See Bacterial Infections for more info on Enteritis, Salmonellosis, Avian Cholera, Pseudotuberculosis, Streptococcal Infections, Staphylococcal Infections, Erysipelas, Tuberculosis, Mycoplasmosis.

Enteritis is the inflammation of part or all of the gut behind the gizzard. Although the symptoms of enteritis may resemble psittacosis, enteritis doesn't present a danger to humans. The droppings from enteritis are usually light green in color and are very smelly. The one intestinal infection of Budgerigars that can be transmitted to humans is the type caused by paratyphus bacilli. Laboratory work is needed to make a differential diagnosis. Standard enteritis is an intestinal infection, and affected birds exhibit a sticky, green diarrhoea. Birds with serious cases are deathly ill. Enteritis is highly contagious and in a single aviary you can have dozens of cases at the same time or close together. There are known instances where a breeder lost his entire stock inside several weeks. Early symptoms are dull looking feathers that tend to be loose. The sick bird flips its tail from time to time, sleeps a lot with half-closed eyes, and is listless and depressed. It breathes laboriously and seems to lose all fear of man. The diarrhoea is a later symptom. When it occurs, the bird spends a lot of time on the cage bottom. Producing droppings appears to be difficult, and accompanied by hefty movements of the tail. The cloaca seems to evert, and the feathers around it show the same stickiness as with psittacosis. Sometimes the droppings contain blood. If that happens, it is a sure sign that an intestinal illness is involved. If diarrhoea is accompanied with nasal secretions, then the problem is more likely to be psittacosis. You should take the bird to a vet if you suspect enteritis. In any case, the ill bird should be quarantined. I recommend isolating any sick bird, in a hospital cage, you will be able to study the symptoms calmly, and you will eliminate the chance of infecting other birds. If enteritis is suspected, thoroughly disinfect the cage of the suspect bird. Use Lysol or Chloroxylenol or chloroxylenolum (UK spelling). Bathe the bird itself in Chloroxylenol as well. Be extremely careful not to let intestinal diseases spread.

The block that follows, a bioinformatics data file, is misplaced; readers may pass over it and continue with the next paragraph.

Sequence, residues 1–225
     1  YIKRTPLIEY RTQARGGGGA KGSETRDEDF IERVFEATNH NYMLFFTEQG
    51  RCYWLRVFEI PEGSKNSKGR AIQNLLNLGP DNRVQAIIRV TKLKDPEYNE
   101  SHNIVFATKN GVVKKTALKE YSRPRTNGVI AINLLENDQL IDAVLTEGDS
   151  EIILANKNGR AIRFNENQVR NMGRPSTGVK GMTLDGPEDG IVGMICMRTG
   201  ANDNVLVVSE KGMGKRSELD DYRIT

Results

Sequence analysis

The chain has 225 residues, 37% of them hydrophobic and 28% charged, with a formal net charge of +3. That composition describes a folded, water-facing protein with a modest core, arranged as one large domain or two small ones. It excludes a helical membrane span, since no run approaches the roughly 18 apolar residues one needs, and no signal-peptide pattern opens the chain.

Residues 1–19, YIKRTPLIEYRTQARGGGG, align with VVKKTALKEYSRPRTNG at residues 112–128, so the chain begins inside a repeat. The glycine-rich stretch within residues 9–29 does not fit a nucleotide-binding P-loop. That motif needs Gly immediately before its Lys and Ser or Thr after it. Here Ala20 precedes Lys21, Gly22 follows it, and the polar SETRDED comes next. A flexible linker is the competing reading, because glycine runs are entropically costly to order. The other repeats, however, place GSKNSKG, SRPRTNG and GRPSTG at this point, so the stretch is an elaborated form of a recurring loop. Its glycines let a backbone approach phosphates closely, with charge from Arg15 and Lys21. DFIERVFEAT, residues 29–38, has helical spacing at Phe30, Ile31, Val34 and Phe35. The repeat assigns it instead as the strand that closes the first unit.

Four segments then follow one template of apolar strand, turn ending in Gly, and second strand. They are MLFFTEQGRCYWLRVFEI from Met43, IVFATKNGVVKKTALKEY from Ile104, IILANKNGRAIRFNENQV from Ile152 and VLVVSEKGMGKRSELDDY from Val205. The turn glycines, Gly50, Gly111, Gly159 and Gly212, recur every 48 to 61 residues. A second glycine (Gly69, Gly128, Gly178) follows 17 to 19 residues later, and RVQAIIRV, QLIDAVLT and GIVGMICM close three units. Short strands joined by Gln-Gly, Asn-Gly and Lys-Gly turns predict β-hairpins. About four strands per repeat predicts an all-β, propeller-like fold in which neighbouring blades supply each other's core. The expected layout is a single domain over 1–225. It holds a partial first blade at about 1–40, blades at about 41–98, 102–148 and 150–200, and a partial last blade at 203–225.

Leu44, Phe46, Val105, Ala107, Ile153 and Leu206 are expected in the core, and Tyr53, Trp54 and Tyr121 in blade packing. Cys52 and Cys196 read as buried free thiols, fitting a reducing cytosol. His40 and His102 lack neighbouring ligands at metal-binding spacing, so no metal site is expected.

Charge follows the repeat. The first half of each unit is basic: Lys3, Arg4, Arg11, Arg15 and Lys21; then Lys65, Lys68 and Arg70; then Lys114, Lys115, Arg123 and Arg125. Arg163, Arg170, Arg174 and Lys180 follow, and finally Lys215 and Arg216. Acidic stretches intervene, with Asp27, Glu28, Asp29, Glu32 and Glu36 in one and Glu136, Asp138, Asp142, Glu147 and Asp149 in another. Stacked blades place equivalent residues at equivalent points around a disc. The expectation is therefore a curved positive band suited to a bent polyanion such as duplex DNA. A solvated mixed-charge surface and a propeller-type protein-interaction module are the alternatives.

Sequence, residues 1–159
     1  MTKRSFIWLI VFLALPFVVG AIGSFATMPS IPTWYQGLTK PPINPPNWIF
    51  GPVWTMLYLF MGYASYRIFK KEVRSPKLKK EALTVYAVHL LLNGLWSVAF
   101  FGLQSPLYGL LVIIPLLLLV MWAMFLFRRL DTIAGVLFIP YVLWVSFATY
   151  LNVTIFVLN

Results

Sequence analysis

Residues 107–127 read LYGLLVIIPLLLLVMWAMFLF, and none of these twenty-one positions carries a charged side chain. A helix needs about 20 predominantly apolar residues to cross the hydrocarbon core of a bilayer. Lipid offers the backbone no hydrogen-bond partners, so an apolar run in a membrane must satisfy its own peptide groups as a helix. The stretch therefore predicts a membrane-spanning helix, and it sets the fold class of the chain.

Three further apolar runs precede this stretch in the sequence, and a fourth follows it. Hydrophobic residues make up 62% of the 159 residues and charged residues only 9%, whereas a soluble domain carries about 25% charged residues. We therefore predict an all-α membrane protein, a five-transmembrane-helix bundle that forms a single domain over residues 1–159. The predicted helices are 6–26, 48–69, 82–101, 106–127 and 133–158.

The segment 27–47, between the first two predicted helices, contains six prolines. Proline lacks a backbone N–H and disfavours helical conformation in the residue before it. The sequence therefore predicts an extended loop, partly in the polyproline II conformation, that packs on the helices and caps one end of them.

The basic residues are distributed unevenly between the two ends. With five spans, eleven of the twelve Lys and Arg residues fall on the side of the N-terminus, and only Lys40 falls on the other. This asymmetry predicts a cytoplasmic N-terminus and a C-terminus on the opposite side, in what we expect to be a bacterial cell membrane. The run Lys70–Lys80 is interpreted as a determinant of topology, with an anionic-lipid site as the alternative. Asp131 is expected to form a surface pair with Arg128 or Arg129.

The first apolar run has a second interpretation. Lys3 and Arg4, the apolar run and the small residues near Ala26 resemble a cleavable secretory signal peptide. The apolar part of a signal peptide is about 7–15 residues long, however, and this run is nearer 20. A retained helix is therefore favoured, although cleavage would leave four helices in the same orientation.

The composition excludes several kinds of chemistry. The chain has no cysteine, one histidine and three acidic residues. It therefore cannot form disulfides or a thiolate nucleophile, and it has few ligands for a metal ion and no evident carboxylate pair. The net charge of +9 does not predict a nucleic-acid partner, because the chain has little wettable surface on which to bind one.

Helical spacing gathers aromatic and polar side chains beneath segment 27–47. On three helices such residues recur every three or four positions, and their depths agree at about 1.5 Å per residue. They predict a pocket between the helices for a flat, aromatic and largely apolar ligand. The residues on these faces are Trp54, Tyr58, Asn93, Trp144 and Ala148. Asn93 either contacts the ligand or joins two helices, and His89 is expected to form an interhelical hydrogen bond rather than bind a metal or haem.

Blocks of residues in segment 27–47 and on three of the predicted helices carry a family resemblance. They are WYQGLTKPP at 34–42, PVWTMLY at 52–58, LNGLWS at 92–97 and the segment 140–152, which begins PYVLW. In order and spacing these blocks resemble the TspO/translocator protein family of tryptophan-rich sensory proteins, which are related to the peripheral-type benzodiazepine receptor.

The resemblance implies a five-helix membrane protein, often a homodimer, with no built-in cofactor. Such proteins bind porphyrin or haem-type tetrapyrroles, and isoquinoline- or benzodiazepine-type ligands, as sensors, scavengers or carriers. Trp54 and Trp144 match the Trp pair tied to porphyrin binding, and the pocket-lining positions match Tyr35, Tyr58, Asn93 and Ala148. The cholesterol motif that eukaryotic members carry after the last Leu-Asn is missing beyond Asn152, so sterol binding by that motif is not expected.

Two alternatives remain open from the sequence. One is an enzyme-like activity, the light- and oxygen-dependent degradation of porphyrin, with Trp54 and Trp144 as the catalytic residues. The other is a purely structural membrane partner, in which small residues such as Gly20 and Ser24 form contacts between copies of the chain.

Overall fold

These organs are erroneously believed by many aviculturalists to be the seat of over half of the ills that affect birds because loose droppings are a common sign in digestive disorders and many diseases which are not confined to the digestive tract. These diseases are frequently lumped together, being referred to as "diarrhoea" or more often as "enteritis", the two words being used interchangeably by bird keepers. Diarrhoea is not a disease but a clinical sign. It simply refers to the voiding of fluid faeces.It can be caused by irritation or infection of the gut resulting from eating unaccustomed or contaminated food and drinking excessive amounts of milk or oily liquids. The watery urate fraction of the droppings is often mistaken for diarrhoea. Excessive amounts, however, indicate urinary upset and not alimentary disease. Enteritis is the inflammation of part or all of the gut behind the gizzard.